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Pharmaceutical Proteins From Methylotrophic Yeasts

  • Eric C. de Bruin
  • Erwin H. Duitman
  • Arjo L. de Boer
  • Marten Veenhuis
  • Ineke G. A. Bos
  • C. Erik Hack
Part of the Methods in Molecular Biology™ book series (MIMB, volume 308)

Abstract

Because of their favorable properties, methylotrophic yeasts have become increasingly important as cell factories for the production of biomaterials, therapeutic proteins, and vaccines. As a eukaryote, yeast can perform most of the posttranslational modifications that are required to ensure the functionality and/or stability of recombinant human proteins, such as N- and O-linked glycosylation, phosphorylation, and formation of disulfide bonds. In contrast to other yeast systems, foreign genes can be expressed at high levels under control of strong inducible promoters derived from genes encoding proteins that are involved in methanol metabolism. Furthermore, heterologous proteins can be secreted at high levels into the culture medium, which, in combination with the fact that few endogenous proteins are secreted, significantly facilitates purification of the desired protein. Finally, as unicellular microorganisms, methylotrophic yeasts have major advantages in industrial fermentation.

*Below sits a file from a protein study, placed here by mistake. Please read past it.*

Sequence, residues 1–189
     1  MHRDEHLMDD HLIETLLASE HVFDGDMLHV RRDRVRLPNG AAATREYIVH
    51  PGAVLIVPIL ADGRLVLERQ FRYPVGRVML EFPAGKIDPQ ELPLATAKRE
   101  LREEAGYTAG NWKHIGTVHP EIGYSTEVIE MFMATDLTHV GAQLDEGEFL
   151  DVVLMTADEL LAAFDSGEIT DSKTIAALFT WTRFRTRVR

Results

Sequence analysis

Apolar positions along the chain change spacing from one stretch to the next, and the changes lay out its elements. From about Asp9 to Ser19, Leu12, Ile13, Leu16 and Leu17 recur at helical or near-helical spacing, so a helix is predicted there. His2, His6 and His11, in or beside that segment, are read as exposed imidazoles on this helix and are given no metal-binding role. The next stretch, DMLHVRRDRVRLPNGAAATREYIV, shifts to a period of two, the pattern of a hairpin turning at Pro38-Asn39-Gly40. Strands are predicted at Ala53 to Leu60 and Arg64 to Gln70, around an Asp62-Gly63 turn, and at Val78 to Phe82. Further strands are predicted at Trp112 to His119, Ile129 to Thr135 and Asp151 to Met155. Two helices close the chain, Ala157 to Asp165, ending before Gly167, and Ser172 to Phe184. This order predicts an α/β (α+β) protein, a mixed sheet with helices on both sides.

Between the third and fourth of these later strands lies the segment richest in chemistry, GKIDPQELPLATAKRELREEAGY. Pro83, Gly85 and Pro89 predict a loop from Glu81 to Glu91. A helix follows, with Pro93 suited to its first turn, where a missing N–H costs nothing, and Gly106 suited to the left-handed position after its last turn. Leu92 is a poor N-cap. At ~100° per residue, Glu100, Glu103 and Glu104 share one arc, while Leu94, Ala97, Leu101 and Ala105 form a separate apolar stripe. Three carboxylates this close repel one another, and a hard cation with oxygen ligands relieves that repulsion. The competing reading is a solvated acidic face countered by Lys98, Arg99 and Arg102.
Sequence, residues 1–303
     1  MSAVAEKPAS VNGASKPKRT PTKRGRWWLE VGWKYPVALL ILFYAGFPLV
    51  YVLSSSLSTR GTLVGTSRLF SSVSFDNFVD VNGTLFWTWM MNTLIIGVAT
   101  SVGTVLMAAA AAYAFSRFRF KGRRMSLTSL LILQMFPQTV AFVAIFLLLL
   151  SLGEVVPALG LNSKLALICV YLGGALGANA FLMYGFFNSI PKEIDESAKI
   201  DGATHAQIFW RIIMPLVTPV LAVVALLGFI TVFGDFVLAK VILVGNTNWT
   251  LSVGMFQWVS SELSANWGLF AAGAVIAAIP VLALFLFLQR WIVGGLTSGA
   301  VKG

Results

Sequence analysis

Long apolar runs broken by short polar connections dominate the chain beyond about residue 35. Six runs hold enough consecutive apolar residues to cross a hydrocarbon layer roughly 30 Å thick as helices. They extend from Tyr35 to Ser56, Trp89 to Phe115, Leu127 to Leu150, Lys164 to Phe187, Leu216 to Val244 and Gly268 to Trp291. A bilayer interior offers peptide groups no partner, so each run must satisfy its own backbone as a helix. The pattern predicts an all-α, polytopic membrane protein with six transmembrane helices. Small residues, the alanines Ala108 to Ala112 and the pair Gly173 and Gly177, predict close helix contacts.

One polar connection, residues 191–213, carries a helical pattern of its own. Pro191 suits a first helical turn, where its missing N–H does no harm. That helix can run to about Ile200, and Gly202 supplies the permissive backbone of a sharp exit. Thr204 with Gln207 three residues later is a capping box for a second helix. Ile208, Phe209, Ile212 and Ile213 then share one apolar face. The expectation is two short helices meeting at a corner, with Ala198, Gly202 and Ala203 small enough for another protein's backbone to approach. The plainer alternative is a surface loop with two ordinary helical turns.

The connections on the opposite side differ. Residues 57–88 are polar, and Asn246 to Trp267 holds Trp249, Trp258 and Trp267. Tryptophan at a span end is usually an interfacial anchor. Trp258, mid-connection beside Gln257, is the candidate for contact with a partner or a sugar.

Keywords

Heterologous Protein Heterologous Gene Methylotrophic Yeast AOX1 Gene Recombinant Human Protein 
These keywords were added by machine and not by the authors. This process is experimental and the keywords may be updated as the learning algorithm improves.

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Copyright information

© Humana Press Inc. 2005

Authors and Affiliations

  • Eric C. de Bruin
    • 1
  • Erwin H. Duitman
    • 2
  • Arjo L. de Boer
    • 2
  • Marten Veenhuis
    • 2
  • Ineke G. A. Bos
    • 1
  • C. Erik Hack
    • 3
  1. 1.Department of ImmunopathologySanquin Research at CLBAmsterdamThe Netherlands
  2. 2.Eukaryotic Microbiology, Groningen Biomolecular Sciences and Biotechnology Institute (GBB)University of GroningenHarenThe Netherlands
  3. 3.Departments of Immunopathology and Clinical Chemistry, Sanquin Research at CLBVU Medical CentreAmsterdamThe Netherlands

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